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Coaching Compass: Sharing My North, South, East & West

Updated: Jan 4, 2022

Written By: Nico Messer


I have been fortunate to be a full time swim coach at various levels and in quite a few different environments for over a decade. One would argue that during these past 10+ years, I must have learned a few things. Nonetheless, I felt somehow unfit providing advice in the form of an article for the "Teachable Tuesday" segment on Streamline Teams. Therefore, it's important to let you know that although I will share some of the exceptional advice I have received from great leaders, mentors, and friends over the years, all reflects my own interpretation and understand of these principles. And please do use the comments section to challenge my beliefs and help me evolve into the next decade of coaching.


Do you know where you're going or where you want to go in the coaching profession? No matter where you are in your coaching career, you should always trust your gut feelings and follow your internal compass!


"A compass is a device that shows the cardinal directions used for navigation and geographic orientation" - Wikipedia


Yes, in order to be successful, it's important for us coaches to know our "why", define our (coaching) values, our own vision (goals) and mission (career roadmap). And there are plenty of resources on these things floating in the global pool that we call the "Internet". However, in finding your "True North" you will decide what you value most in coaching (maybe even in life) and put your purpose and beliefs at the forefront of your doing (coaching) to discover your authentic self. And despite many similarities, no two people will have the same "True North". These things represent you as a person (coach) on the deepest level and will help you become the best person (coach & leader) you can be!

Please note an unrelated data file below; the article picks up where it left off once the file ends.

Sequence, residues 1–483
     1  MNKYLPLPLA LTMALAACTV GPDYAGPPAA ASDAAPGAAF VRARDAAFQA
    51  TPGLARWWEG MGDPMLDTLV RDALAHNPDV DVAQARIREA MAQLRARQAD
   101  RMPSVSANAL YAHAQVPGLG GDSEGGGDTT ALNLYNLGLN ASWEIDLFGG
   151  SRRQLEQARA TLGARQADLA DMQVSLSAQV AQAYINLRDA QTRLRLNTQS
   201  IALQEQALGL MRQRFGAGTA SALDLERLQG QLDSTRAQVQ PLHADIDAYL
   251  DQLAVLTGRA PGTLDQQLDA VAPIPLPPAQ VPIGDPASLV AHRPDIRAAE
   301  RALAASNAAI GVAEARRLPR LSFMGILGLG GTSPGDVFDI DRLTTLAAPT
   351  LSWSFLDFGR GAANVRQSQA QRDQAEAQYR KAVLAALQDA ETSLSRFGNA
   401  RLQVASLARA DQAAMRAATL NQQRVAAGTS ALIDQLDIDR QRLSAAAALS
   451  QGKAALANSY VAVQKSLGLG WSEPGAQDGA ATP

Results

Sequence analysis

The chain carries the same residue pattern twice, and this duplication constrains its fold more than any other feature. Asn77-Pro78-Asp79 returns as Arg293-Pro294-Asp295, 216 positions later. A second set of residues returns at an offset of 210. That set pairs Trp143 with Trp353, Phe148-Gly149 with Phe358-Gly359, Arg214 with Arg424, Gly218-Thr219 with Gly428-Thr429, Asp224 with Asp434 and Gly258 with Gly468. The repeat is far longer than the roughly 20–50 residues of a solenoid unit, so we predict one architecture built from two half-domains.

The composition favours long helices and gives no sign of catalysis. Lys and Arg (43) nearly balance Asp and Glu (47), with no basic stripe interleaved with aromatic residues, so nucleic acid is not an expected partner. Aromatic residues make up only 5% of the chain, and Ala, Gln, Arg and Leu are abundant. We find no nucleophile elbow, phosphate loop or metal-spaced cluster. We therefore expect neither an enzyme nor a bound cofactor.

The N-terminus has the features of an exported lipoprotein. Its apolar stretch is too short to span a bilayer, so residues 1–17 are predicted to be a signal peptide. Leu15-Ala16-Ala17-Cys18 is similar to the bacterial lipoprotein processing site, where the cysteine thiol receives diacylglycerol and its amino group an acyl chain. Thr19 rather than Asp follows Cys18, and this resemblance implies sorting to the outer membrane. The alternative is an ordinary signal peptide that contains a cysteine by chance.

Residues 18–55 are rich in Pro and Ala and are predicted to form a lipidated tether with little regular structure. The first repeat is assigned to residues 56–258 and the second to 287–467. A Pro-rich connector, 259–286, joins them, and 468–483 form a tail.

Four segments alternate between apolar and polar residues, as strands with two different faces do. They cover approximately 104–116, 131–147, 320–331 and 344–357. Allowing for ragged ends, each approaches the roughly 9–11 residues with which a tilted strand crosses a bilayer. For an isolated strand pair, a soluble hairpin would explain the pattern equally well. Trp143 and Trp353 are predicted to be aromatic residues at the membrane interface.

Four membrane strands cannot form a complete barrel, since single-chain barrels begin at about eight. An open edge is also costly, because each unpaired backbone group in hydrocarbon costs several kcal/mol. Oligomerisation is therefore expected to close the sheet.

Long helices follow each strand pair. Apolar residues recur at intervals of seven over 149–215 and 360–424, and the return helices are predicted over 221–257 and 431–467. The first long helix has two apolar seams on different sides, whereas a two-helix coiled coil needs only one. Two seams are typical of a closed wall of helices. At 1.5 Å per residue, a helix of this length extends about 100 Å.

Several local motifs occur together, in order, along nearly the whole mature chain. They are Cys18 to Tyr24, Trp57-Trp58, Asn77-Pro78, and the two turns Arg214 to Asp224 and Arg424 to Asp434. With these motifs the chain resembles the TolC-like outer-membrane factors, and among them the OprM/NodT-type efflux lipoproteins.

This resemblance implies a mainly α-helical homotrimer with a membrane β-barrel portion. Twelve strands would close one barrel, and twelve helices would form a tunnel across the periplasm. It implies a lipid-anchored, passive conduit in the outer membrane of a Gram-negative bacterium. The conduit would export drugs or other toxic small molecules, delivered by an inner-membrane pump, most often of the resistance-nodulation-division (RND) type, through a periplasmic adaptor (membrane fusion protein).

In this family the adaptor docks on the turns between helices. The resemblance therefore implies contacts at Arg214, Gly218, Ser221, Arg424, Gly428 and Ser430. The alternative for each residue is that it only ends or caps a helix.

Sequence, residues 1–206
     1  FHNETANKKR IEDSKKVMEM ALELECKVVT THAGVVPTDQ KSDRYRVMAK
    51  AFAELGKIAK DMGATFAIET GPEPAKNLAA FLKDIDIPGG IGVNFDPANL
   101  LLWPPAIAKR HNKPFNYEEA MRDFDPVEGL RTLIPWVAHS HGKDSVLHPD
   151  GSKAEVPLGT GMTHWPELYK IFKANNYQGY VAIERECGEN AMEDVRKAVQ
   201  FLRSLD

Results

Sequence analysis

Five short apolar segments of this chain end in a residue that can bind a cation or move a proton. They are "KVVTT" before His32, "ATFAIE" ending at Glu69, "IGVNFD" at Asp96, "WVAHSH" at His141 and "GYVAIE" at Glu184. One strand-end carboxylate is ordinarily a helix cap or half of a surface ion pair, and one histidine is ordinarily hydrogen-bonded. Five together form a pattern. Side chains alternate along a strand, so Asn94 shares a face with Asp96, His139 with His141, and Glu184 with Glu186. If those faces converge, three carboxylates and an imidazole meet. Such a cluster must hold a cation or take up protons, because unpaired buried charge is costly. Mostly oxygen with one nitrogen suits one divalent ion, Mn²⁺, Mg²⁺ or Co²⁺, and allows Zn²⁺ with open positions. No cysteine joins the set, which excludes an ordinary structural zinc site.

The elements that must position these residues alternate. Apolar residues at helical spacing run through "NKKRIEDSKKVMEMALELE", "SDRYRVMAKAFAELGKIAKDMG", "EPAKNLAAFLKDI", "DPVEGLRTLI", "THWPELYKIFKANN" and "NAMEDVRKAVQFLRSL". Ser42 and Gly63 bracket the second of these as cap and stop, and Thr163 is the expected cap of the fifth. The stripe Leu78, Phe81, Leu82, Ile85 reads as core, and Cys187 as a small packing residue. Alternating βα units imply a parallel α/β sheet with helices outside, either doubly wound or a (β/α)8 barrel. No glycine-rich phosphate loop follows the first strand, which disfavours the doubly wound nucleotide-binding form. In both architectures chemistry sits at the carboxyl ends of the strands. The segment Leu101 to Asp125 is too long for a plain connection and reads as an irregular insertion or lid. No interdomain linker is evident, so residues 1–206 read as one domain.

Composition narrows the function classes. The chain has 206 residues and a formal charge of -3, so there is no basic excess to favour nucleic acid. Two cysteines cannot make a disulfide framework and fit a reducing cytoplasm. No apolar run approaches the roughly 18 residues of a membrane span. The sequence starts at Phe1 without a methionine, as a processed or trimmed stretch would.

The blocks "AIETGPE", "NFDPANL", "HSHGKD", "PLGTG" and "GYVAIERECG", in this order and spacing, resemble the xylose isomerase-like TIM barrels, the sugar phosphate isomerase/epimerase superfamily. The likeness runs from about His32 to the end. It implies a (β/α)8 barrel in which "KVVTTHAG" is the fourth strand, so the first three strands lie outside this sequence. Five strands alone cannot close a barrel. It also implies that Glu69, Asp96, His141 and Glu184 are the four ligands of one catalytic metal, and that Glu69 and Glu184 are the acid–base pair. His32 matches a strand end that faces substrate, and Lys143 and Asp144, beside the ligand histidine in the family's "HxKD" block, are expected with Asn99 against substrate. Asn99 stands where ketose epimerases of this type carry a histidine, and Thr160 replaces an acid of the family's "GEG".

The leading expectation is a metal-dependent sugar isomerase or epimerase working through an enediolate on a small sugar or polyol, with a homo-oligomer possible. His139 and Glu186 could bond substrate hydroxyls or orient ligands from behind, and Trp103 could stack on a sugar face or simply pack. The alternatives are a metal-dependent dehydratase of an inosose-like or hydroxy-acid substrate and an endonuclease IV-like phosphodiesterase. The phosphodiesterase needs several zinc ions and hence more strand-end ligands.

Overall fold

North for New Ways – Lead don't Push

All the way back in 2012 while attending the first World Aquatic Development Conference in Lund (SWE) this three word "blurb" by Coach Chris Martin really changed things for me.

Coaching is a complicated task. In most environments you will come up with the (season) plan, "dictate" how you want things done, and (occasionally) push your athletes to their limits. The athletes don't have to do much thinking in this process unless you actively and purposely empower them with opportunities for growth through accountability, responsibility and self-reliance. Today, I'm fully convinced that leading rather than pushing your athletes is the right way to help them in developing their full potential (as an athlete and a person).


East for Evolution not Revolution – Coach the Person not the Athlete

It must have been at an ASCA World Clinic where legendary University of Texas Men's Head Coach Eddie Reese mentioned that some days he almost doesn't get to see any of what's going on in the pool at UT because he's trying to talk to each young men on their team at least once during their practices - even for as little as complementing them on a new swim suit or haircut.

I'd challenge all of you to give this one a try - it sounds fun and easy but really is hard (coaching) work!


The bond between athlete and coach, especially the building trust part, is vital for success at all levels. It is what we call soft skills that probably separate the good from the great in coaching. Personality and charisma are a big part of this, however, we often forget that these skills can be learned and improved!